Lucky for me, she interrupts us to say to me, "I think I recognize you from somewhere!" And while I don't exactly confirm where she remembers me from, though we've tried to book her on Keep It so maybe someone has sent her clips of the show, that is all of the validation that I need for the rest of the month. I take the opportunity to tell Glenn how much I love the film Jagged Edge, which sat on my grandmother's shelf in VHS form for my entire adolescence. She's shocked that is the film I brought up to her and not say, 101 Dalmations because I'm a millennial obviously, but then she takes a moment and responds, "That was a great script." Somewhere, I hope Joe Eztherhas (who also wrote Basic Instinct and Showgirls) is sleeping soundly.
The food is perfectly fine as I said, and we enjoy our meal and maybe it was nice to visit Cafe Cluny again. It feels a little bit like the announcement of a new Ultimate Girls Trip on Peacock starring Kelly Bensimon, Luann DeLesseps, Dorinda Medley, Sonja Morgan, Ramona Singer, and Kristen Taekman. It's comfortable and we have so many memories together, but one cannot continue a television network on nostalgia and the opinions of a bunch of aging millennials and Gen Xers.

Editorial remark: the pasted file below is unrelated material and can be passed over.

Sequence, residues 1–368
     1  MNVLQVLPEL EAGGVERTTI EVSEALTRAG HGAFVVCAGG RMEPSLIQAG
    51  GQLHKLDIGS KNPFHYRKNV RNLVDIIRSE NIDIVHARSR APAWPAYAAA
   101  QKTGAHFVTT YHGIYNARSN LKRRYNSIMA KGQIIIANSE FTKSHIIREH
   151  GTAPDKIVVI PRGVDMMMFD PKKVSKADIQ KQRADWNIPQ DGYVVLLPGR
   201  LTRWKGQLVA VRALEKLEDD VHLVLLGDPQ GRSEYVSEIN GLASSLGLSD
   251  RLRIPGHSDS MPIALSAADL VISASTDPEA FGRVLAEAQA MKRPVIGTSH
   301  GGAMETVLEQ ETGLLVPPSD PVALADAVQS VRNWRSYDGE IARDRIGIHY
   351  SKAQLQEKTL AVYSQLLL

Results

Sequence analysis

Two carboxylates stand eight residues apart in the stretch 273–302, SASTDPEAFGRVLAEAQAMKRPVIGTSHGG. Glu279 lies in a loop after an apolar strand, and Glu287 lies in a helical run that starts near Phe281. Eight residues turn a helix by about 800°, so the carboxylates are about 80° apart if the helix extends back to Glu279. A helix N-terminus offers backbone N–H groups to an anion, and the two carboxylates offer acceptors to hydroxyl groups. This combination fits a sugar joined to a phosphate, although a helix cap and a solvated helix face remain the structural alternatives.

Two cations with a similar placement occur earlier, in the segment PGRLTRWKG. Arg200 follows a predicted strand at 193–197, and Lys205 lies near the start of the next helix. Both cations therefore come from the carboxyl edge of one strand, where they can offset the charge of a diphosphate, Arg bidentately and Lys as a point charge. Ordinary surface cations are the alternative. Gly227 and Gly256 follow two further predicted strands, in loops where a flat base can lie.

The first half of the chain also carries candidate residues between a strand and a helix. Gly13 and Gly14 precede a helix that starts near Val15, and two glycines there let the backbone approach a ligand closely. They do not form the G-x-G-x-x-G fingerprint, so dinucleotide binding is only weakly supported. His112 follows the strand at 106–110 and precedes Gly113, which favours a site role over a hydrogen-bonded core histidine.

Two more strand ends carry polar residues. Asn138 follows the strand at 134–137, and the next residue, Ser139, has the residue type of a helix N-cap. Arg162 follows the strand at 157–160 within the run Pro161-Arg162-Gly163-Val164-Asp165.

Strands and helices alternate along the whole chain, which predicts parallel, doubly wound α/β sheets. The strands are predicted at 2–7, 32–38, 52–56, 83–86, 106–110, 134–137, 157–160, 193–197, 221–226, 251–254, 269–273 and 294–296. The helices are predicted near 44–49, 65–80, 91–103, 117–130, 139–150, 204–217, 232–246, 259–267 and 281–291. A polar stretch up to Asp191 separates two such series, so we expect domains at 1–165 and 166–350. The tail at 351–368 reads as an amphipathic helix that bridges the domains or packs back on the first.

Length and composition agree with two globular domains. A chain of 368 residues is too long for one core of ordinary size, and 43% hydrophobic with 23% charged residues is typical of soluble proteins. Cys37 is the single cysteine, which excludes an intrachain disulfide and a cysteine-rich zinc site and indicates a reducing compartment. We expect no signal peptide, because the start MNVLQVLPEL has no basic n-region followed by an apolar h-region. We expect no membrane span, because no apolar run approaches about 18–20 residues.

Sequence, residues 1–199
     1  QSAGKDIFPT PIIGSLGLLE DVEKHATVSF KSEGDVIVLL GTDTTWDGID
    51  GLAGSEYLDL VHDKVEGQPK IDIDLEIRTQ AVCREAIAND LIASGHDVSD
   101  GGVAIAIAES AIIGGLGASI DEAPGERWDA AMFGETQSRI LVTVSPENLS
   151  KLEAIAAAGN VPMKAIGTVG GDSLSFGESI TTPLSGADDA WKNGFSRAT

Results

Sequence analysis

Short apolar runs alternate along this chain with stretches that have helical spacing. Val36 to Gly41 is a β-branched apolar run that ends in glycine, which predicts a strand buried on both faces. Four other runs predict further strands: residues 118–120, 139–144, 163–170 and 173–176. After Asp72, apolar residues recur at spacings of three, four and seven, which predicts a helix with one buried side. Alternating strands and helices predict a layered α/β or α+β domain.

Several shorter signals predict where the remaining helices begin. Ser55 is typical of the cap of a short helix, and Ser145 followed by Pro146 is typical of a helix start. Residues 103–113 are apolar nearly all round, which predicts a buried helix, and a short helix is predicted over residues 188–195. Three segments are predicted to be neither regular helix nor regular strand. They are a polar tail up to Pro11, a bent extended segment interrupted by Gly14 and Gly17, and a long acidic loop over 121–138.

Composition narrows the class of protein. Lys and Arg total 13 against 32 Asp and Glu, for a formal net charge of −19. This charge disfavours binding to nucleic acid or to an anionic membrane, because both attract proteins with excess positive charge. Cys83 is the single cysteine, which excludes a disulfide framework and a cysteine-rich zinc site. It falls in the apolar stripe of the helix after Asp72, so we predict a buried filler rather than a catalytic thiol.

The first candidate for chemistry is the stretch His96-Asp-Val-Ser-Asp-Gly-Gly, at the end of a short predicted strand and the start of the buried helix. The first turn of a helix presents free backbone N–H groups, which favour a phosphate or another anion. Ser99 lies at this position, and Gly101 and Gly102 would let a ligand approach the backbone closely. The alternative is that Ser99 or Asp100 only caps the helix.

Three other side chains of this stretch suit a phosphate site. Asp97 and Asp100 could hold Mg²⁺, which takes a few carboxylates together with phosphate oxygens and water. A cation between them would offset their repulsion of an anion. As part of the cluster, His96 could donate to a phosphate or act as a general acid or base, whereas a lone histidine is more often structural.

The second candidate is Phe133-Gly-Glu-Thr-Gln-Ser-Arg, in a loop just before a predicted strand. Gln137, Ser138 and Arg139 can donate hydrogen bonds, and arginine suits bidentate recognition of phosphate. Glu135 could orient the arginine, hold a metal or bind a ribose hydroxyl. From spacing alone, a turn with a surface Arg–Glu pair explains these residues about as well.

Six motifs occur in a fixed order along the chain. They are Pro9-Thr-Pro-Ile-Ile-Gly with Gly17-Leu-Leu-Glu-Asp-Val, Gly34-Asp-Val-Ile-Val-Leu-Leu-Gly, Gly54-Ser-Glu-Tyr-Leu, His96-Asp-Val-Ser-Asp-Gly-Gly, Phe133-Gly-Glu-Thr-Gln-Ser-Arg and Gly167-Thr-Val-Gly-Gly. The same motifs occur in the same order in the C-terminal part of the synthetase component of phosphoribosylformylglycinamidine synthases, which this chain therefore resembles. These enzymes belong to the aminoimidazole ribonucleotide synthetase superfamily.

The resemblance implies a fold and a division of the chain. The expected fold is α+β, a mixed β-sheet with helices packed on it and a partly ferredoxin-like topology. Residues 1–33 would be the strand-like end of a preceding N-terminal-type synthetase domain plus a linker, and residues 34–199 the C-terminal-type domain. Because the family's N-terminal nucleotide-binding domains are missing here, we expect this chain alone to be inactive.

That's why I'm excited for the new reboot of Real Housewives of New York (Ubah Hassan is serving in the trailer and Jenna Lyons is chic chic chic and hopefully they form real friendships), because when you're catching up with friends after a long time, sometimes you need something new, something exciting to talk about. And besides, there’s nothing spontaneous about the Upper East Side.
I am fascinated with Resy and matched with a cute data scientist on Raya during Fenty Bowl weekend, but he left me on read so I guess I'll never find out the company's secrets!